The Real Estate Developers’ Association of Singapore (REDAS) said the latest property cooling measures introduced last month have stabilised the property market.
Market watchers share the same view, but pointed out that it is the volume of transactions in the suburban market that has tapered off.
They added that for the high-end property market, the number of transactions may have been lower from last year, but interest and liquidity are still flowing strongly.
Singapore was ranked the best real estate investment destination in Asia in a recent survey by the Urban Land Institute and PricewaterhouseCoopers.
However, some analysts said that with the recent cooling measures, the number of property transactions has fallen by some 30 per cent.
Lim Ee Seng, first vice president, REDAS, said: “There’s a drop in volume, but I think that’s expected because of hesitation, uncertainty. So until things are clearer, then they will move in.
“Not withstanding the measures, those properties that were launched after the measures were imposed – they still have a very decent take-up. That clearly demonstrates that there’s a pool of people who are genuinely in need of properties.”
Speaking at a Lunar New Year reception, the new REDAS president said its members have to produce better quality homes to attract global investors.
Wong Heang Fine, president of REDAS, said: “So as we eagerly await good news from the upcoming Budget, and with the property market stabilising from the latest round of cooling measures by the government, I hope any further measures by the Singapore government would only be made after considering all options.”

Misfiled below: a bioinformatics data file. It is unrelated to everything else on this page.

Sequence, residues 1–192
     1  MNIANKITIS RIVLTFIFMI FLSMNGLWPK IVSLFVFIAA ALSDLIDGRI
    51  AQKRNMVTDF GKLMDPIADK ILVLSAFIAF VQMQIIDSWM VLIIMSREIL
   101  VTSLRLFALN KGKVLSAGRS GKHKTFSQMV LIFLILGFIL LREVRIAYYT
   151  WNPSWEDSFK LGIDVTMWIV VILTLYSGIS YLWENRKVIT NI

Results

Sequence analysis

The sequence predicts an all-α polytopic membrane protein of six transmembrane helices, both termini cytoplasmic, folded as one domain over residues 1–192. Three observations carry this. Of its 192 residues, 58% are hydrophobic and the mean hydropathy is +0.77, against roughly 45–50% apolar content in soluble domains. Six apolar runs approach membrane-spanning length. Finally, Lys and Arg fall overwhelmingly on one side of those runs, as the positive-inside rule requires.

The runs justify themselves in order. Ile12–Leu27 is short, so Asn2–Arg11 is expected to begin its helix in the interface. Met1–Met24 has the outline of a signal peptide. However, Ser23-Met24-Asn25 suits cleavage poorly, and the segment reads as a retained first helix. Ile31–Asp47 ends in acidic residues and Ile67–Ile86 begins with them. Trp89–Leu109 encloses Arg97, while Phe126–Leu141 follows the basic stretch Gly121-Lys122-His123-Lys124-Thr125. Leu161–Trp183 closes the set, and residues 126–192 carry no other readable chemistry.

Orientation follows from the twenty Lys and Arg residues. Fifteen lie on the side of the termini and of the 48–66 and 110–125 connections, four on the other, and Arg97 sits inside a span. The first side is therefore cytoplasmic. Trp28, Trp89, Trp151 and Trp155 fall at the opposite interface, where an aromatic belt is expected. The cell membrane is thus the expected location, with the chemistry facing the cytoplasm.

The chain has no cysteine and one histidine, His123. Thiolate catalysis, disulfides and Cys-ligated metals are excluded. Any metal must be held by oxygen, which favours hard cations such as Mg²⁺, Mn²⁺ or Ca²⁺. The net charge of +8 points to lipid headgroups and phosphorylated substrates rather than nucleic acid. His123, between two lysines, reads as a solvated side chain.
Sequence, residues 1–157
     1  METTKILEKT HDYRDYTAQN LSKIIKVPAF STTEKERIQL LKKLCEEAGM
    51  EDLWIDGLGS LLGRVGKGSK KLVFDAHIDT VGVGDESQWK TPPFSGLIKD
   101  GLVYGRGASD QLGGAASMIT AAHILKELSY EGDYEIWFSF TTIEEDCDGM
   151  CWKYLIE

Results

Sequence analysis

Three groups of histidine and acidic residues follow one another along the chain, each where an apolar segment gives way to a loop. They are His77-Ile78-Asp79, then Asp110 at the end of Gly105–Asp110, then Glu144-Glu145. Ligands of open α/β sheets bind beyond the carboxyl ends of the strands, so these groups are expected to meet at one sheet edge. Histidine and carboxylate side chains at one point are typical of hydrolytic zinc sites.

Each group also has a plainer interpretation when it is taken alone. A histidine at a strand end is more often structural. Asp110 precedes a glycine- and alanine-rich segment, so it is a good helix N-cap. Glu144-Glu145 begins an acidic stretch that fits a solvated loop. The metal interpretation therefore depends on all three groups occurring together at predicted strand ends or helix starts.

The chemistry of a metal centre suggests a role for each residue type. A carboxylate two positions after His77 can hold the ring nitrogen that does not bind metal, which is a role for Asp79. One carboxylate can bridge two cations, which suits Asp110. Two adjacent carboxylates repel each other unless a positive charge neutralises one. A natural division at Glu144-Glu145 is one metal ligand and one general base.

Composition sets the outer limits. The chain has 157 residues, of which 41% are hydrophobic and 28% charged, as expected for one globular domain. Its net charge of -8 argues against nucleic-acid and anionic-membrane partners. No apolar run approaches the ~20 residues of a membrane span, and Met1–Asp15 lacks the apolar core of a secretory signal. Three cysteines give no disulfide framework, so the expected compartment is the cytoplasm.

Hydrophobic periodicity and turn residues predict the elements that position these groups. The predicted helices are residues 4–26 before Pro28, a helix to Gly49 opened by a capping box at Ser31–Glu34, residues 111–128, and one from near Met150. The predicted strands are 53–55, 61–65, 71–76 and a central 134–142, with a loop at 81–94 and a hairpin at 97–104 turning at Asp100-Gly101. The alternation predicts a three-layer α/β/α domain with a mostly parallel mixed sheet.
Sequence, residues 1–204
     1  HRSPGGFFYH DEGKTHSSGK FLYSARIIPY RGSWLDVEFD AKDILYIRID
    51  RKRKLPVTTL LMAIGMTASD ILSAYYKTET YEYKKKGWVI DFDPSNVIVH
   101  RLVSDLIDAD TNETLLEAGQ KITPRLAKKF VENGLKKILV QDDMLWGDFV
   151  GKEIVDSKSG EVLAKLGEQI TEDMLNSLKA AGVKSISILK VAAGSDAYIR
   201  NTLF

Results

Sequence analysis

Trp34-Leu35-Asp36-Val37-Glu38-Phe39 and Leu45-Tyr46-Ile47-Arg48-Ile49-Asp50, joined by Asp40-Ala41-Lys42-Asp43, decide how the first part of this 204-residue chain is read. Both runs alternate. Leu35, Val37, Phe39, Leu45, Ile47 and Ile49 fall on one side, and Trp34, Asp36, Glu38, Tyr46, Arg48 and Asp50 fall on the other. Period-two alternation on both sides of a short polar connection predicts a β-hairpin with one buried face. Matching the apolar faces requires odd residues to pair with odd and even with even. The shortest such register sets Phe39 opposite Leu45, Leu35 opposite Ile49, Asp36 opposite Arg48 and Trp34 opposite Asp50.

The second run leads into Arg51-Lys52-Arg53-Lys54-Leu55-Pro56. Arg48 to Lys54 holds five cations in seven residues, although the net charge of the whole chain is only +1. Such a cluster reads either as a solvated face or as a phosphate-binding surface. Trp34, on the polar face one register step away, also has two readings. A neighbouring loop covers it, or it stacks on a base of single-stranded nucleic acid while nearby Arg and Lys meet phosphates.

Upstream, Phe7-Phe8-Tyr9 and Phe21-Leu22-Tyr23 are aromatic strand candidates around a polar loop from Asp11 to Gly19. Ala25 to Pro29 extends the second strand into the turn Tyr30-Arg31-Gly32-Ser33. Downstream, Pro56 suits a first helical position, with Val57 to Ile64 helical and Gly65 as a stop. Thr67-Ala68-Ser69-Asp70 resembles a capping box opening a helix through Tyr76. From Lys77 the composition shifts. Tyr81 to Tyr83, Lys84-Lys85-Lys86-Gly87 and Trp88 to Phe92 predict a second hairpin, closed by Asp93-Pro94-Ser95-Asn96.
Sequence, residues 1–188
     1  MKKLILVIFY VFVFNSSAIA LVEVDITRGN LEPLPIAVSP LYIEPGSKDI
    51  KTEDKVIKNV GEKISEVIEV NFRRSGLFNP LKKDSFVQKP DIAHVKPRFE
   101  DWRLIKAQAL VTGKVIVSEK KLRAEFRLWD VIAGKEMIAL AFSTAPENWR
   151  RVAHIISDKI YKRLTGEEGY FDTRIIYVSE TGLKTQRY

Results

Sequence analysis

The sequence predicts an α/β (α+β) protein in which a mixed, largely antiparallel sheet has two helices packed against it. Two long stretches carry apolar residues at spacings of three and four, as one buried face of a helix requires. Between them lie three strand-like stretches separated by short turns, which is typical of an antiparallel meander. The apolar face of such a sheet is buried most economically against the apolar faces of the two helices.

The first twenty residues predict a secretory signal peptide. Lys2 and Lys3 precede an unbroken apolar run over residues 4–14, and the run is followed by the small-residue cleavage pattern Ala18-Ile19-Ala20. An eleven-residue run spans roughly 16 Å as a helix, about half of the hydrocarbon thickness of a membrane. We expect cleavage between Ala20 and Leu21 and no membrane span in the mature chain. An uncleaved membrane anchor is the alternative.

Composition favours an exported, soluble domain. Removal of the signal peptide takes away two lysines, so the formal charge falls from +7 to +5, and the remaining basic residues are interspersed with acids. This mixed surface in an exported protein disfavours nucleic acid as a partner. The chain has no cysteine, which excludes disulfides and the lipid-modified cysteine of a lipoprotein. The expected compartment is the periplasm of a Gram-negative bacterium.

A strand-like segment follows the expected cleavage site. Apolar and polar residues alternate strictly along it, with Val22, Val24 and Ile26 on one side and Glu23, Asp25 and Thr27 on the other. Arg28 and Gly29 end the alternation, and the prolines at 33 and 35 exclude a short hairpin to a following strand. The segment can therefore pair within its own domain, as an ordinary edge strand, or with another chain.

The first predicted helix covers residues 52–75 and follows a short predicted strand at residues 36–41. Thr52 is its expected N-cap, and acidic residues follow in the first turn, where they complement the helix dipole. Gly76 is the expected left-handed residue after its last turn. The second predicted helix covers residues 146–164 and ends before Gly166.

At the sidelines of the event, market players said foreign liquidity flowing into the Singapore market will remain strong, but is likely to be lower than a year ago.
Eric Tan, chief executive of GSK Global, said: “I can foresee that with the introduction of higher interest rates in China, the liquidity in Singapore is going to be affected and I believe not as many funds will flow into Singapore as compared with the past, as China becomes a safer place to put money.”
However, REDAS remains optimistic and expects S$12 to S$14 billion in property investments this year.
Mr Wong said: “In China, they have restrictions on remitting funds overseas. I guess what they are doing is to make sure the China market doesn’t overheat, so I don’t really think that there is going to be much impact on us.
“Of course, we will like to grow our overseas market for Singapore and that’s what all the members will like to see.”
Property analysts pointed that with the opportunities shrinking in China due to policy risks, investors will look elsewhere – for example, to Hong Kong and Singapore.
Colin Tan, head of research and consultancy at Chesterton Suntec International, said: “If they are looking to park their monies, then Singapore looks increasingly attractive.”
“I don’t expect an immediate impact (from the rate hike) but what it means is that with so much liquidity support, property prices in Singapore – even if they don’t go up – they are unlikely to come down anytime soon.”
Source : Channel NewsAsia – 10 Feb 2011